The Moon, a Mystery, and More!

Lunar outpost near the moon's south pole mystery novel

TJ’s Tiger Pause schedule begins on Monday and that means loads of great opportunities for our ACE students.

All third grade ACE students will participate in a unit entitled “Mystery Island”.  When their ship is blown off course and potential settlement of a mysterious island seems to be the only chance for survival, the students will need to determine where to place a signal fire, how to source fresh water, how to select a leader, and more.  Once they’ve created an ideal settlement, disaster will strike (but don’t let your favorite 3rd grader know this yet!!), forcing an evacuation.  Math will be integrated throughout the unit, as the students design an escape vehicle, calculate their resources, and plan for survival.

Drawing from the NASA Educator Unit on Lunar Colonies, fourth grade ACE teachers will lead their students through an examination of the pros and cons of colonizing the moon.  They will research topics related to the safety, sustainability , and survivability of a lunar colony, and then set about developing a plan to get to the moon and colonize it!  Math will be integrated into all of the planning as distances are calculated, funding is determined, and strategies to deal with the change in gravity are crafted.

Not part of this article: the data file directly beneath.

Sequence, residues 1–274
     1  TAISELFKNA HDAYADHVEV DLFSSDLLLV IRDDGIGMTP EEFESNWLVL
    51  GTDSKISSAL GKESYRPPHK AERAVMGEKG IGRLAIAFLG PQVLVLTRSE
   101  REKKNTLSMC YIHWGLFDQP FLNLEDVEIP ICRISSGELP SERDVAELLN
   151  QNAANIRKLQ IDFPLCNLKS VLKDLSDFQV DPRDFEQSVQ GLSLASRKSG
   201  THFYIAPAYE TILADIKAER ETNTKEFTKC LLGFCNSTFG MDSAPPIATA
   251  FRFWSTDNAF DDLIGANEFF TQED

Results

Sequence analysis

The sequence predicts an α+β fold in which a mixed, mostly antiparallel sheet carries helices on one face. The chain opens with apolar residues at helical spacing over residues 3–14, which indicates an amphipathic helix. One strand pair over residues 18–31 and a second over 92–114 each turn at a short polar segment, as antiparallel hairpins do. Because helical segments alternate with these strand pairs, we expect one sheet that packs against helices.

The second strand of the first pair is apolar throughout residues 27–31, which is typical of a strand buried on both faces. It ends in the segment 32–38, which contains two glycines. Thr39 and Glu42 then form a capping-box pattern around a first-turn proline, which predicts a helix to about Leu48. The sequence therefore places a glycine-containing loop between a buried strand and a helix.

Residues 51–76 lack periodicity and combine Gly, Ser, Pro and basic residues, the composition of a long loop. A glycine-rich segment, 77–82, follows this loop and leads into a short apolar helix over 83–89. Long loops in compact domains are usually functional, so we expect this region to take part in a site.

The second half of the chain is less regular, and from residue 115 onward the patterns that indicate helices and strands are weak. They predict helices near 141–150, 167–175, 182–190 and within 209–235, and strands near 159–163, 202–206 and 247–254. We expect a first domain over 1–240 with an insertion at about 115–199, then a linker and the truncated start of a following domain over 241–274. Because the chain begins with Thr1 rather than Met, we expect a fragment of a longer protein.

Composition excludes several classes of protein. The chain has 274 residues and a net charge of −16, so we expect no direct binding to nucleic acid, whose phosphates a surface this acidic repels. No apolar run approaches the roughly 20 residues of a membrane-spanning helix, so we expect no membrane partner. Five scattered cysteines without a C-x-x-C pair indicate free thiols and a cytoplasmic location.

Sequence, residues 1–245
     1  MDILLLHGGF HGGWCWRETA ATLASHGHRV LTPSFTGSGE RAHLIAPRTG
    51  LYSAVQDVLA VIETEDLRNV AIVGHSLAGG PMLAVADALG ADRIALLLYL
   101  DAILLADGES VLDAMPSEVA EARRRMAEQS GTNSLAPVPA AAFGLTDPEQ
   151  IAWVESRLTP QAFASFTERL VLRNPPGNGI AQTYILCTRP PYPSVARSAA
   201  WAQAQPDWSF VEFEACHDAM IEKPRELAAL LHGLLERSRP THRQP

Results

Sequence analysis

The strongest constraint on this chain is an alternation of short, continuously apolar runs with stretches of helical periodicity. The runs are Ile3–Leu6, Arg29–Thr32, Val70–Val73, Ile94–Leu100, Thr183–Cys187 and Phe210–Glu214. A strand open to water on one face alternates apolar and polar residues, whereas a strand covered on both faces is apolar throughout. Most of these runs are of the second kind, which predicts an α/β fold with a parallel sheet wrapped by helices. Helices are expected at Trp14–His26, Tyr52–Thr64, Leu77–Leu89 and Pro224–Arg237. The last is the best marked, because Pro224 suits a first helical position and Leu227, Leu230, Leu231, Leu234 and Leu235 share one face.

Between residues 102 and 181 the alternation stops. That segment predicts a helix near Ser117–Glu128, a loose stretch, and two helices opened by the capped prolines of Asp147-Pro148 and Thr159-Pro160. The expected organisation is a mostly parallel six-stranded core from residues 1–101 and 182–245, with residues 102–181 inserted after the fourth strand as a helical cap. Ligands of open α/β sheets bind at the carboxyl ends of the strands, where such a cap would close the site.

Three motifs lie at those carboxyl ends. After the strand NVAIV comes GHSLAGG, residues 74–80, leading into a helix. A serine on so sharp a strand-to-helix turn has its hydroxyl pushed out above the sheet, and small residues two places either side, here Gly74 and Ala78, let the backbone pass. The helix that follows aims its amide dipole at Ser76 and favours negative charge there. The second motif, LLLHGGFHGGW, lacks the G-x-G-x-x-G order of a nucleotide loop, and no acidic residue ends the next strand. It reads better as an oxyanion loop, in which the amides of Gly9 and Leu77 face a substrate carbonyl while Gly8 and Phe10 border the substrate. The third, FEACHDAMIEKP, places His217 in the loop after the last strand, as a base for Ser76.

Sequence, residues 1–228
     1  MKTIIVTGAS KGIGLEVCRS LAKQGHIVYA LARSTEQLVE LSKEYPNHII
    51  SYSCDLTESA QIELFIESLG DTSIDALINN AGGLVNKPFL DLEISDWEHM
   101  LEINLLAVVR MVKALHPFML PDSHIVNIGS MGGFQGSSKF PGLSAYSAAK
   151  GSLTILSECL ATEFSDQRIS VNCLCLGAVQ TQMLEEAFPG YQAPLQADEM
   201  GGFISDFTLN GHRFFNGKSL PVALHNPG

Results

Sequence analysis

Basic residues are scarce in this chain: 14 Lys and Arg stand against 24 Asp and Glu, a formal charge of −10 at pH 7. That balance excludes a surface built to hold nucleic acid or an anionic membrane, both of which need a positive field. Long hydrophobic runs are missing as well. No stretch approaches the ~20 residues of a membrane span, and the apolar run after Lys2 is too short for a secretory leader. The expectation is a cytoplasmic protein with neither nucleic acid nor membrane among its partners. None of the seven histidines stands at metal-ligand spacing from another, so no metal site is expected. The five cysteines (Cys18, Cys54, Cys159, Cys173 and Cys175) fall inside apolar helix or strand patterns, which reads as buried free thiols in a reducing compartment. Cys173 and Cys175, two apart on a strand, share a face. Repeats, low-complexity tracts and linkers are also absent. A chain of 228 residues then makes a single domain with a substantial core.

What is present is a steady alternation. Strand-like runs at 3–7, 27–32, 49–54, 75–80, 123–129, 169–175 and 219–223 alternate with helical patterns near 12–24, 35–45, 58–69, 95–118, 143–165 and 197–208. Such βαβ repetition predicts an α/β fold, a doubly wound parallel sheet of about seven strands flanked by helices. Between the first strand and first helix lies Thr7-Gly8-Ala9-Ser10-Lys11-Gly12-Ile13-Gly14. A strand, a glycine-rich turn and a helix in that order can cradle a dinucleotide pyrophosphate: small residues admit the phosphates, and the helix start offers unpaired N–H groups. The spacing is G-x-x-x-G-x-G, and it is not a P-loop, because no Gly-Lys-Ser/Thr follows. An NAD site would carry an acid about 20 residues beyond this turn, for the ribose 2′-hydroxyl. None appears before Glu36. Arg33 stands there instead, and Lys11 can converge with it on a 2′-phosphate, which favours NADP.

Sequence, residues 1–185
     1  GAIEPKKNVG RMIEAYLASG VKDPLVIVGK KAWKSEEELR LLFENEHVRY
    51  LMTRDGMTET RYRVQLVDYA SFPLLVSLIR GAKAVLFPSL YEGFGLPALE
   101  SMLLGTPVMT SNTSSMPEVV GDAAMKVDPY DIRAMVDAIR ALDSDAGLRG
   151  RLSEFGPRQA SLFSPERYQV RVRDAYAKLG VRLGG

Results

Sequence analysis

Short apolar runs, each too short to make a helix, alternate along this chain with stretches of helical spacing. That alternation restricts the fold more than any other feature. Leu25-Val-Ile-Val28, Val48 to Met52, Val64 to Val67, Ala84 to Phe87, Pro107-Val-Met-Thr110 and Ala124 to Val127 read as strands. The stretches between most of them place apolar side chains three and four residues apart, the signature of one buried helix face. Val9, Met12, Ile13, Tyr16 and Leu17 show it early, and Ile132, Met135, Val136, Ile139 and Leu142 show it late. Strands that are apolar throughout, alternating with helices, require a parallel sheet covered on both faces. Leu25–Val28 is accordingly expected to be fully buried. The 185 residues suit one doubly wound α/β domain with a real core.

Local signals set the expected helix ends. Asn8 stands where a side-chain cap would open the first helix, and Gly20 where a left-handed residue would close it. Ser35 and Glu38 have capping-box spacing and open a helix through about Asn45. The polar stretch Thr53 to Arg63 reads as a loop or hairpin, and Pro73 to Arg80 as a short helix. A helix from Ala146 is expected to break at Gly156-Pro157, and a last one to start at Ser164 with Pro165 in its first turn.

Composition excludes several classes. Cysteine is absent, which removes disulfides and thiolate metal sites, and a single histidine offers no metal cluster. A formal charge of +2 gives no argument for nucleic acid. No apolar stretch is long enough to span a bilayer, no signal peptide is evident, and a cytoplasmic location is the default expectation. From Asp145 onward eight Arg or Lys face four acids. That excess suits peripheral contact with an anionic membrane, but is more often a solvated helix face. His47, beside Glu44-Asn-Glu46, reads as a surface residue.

Some ACE students in 5th grade will be creating their own novella or graphic novel, complete with a developed denouement and descriptive imagery.  Others will focus their energies this trimester on math problem solving and an exploration of topics such as binary numbers, positive and negative exponents, base systems, and the Golden Ratio.  If you have a child who has been identified for ACE in both Math and Humanities, don’t worry — they’ll have an opportunity to tackle enrichment in their other area of strength in the third trimester!

In addition to the exciting opportunities described above, Level 2 ACE students will be engaged in units dedicated to the explicit teaching of a particular sort of thinking.  Third graders, for example, will solve a variety of problems and puzzles requiring logical thinking.  Fourth graders will explore the idea of symbolic thinking in literature, and fifth graders will polish their critical thinking skills.

 

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